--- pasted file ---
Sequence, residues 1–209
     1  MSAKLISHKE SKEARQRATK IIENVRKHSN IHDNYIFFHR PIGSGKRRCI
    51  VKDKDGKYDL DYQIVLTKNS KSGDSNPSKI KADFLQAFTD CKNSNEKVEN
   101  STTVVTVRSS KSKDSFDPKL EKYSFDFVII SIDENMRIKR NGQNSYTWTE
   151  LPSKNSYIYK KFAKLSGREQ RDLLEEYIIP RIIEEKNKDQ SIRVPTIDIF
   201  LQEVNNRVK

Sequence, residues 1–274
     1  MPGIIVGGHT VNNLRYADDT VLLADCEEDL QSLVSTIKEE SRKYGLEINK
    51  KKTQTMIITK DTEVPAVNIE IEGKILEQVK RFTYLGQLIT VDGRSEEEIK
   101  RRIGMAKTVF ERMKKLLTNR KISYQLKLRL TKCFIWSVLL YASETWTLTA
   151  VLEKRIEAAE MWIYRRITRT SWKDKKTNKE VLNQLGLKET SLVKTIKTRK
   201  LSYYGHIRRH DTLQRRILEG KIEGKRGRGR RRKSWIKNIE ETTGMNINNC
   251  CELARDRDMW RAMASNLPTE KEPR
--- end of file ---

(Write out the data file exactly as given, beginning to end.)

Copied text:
Sequence, residues 1–209
     1  MSAKLISHKE SKEARQRATK IIENVRKHSN IHDNYIFFHR PIGSGKRRCI
    51  VKDKDGKYDL DYQIVLTKNS KSGDSNPSKI KADFLQAFTD CKNSNEKVEN
   101  STTVVTVRSS KSKDSFDPKL EKYSFDFVII SIDENMRIKR NGQNSYTWTE
   151  LPSKNSYIYK KFAKLSGREQ RDLLEEYIIP RIIEEKNKDQ SIRVPTIDIF
   201  LQEVNNRVK

Sequence, residues 1–274
     1  MPGIIVGGHT VNNLRYADDT VLLADCEEDL QSLVSTIKEE SRKYGLEINK
    51  KKTQTMIITK DTEVPAVNIE IEGKILEQVK RFTYLGQLIT VDGRSEEEIK
   101  RRIGMAKTVF ERMKKLLTNR KISYQLKLRL TKCFIWSVLL YASETWTLTA
   151  VLEKRIEAAE MWIYRRITRT SWKDKKTNKE VLNQLGLKET SLVKTIKTRK
   201  LSYYGHIRRH DTLQRRILEG KIEGKRGRGR RRKSWIKNIE ETTGMNINNC
   251  CELARDRDMW RAMASNLPTE KEPR